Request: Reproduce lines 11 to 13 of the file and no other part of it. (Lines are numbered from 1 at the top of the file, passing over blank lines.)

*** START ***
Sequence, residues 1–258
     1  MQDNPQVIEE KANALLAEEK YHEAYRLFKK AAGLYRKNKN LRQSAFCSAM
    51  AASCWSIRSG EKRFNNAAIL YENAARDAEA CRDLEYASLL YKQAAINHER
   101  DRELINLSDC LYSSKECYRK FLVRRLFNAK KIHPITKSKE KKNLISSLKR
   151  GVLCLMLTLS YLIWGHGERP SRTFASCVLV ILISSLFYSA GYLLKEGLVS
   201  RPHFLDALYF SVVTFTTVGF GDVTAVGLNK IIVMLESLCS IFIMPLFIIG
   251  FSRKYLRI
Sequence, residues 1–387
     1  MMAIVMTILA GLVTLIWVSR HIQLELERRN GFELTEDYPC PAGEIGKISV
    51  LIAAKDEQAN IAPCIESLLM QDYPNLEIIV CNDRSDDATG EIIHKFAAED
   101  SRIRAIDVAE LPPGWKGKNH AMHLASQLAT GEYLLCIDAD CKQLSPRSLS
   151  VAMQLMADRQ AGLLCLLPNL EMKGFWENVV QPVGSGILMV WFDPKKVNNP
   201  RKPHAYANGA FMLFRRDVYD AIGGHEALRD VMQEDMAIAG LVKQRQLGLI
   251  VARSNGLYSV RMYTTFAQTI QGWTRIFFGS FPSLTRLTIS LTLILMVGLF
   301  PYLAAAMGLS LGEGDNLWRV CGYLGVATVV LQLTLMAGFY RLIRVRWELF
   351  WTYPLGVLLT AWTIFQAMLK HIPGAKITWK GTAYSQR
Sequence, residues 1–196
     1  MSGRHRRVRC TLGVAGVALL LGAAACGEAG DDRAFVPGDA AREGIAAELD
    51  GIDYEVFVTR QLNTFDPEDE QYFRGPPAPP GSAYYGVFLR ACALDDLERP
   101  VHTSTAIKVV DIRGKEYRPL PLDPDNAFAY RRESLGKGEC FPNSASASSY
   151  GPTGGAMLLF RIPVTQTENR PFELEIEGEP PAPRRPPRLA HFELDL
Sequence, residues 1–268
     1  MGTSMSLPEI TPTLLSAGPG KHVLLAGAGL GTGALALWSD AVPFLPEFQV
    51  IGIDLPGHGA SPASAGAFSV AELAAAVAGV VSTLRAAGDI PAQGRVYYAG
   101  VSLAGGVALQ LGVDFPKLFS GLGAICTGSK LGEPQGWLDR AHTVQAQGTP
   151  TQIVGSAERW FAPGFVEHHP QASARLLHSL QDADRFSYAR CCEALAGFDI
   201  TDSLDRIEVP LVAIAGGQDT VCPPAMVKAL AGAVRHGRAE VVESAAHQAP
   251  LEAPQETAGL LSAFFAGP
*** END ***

   101  SRIRAIDVAE LPPGWKGKNH AMHLASQLAT GEYLLCIDAD CKQLSPRSLS
   151  VAMQLMADRQ AGLLCLLPNL EMKGFWENVV QPVGSGILMV WFDPKKVNNP
   201  RKPHAYANGA FMLFRRDVYD AIGGHEALRD VMQEDMAIAG LVKQRQLGLI